This book has it all, mystery, action, and romance. Its grand, and timeless. Filled with themes and symbols you could disect for years.
So if you are a fan of science fiction novels, and you have not read DUNE. You MUST read it ASAP. You will not be disapointed.
4.0 out of 5 stars How I imagine Islam to be...,
This review is from: Dune (Mass Market Paperback)That may seem like a strange heading but the more I read through the book and the more the Fremen characters became important and the saviors of the Dune universe the more I realized that Herbert tapped into the mystique of Islam from a Western vantage point. His use of Islamic/Arabic terms is obvious and intentional and to an untrained ear it adds to the mystique. But behind the terms is a theology that is rooted in Islam. We cheer for the Fremen. From the point of view of Islam, even though Dune's theology is syncretistic and a bit suspect, this is why this faith holds such an appeal. Again, this may sound a bit strange but this was the impression the book left on me.
As for the sci-fi component, the universe Mr. Herbert has created is brilliant. It is not grounded in this world or space but is a universe unto itself. His knowledge of desert and the importance of water makes for engaging reading and one imagines the world as quite real and believable.
But ultimately I was more drawn to the philosophy/spiritual component and the interest in the Messianic figure as such a figure can be found in all religions and the Islamic view of such a figure matches the Messianic figure here more than it does a Christian, even Jewish, type of figure. This is not an Islamic theology book but this book opened my eyes a bit as to how the early Islamic community may have succeeded and why it has the appeal it does even today. And, it seems to me, Mr. Herbert used this story as a launching pad to insert his idyllic worldview.
Why not five stars? It (or I) just ran out of steam at the end. But still one of the best fiction books I have ever read.
5.0 out of 5 stars ENTERING THE WASTELAND,
This review is from: Dune (Mass Market Paperback)The novel Dune is one of those works that you hear of by reputation as being a classic and which you always see in the bookstore but never seem to pick up to read. I had seen the David Lynch film when I was younger and was confused and bored by it. I borrowed a copy of the Dune tv mini-series recently, and after watching one episode I found the story intriguing but the special effects lacking. So I decided to read the book in order to experience a better effects company, my imagination.
To me, one of the things that makes Dune unique is its glimpse of what the future holds for the human race. It isnt a future controlled by machines and dominated by technology as so many science fiction worlds are. The universe that Frank Herbert creates here is a humanistic one, almost a mideval renaissance world. Going along with that thought, this universe is filled with court intrigue. The known universe is loosely ruled by an emperor named Padashan IV who keeps his rule going with the threat of his imperial guard, elite fighting units called Sardaukar. He also keeps his noblemen in suspicion of each other and sometimes helps bring about actual wars between them if it suits his purpose.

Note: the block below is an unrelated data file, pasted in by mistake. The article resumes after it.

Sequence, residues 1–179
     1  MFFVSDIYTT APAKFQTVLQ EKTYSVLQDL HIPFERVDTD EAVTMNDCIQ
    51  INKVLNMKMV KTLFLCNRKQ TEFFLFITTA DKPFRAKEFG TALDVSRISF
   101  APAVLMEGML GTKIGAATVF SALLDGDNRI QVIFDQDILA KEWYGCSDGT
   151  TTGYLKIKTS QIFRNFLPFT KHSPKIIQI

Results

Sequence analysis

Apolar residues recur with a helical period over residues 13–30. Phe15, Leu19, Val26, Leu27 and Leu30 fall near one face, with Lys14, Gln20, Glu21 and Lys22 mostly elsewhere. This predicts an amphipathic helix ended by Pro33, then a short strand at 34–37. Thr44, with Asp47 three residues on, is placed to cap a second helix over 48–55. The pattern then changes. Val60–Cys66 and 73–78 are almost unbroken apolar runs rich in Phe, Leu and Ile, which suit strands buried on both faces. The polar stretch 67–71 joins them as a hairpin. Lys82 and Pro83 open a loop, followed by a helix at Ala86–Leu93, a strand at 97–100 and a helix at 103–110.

As the book opens, one of his most respected noblemen, Duke Atreides, is sent to the desert planet of Arrakis (Dune) to take over spice production. Spice is the most important product in the universe and whoever controls it, controls power, and brings danger on themselves. One of the sources of conflict is that the Atreides have replaced the House Harkonnen, their bitter enemies, on Arrakis, so the whole place smells like a trap waiting to spring. The Harkonnens have sworn eternal war, called "kanly" with the Atreides and it is only a question of when and how they will strike. In addition to this, there are mysterious native inhabitants on Dune, known as Fremen, whose allegience is unknown, and the Duke also has to deal with giant sandworms who can swallow ships whole.
The main character of the book is Paul Atreides, son of the duke, a fifteen year old boy trained by the best fighters in the galaxy and also learned in the ways of his Bene Gesserit mother. The Bene Gesserits remind me of the Jedi in Star Wars. They are trained psychics who have strange powers feared and respected among the general populace, such as future vision, and can sometimes control weak minds and sorta steer the galaxy. Some say that Paul is destined for some terrible purpose that will lead the human race to a new destiny.
This is a great book. Like the Lord of the Rings, you can tell that Herbert not only wrote this book, but in the process developed and shaped his world with legends and past histories that are only hinted at in this work. There is lots of action and adventure and also religious questions and philsophy, almost a little for every kind of ruler. It does have its dull moments, especially after Paul meets his destiny, but you have to expect that anytime you have a work that is an "epic". There's so much information that not all of it can be interesting. There is a large cast of characters, so I would maybe suggest watching the first episode of the tv series like I did because it gives you a visual reference for most of the main characters. I'm going to start the next book, Dune Messiah, today.
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Dune by Frank Herbert (Mass Market Paperback - Jan. 11 2002)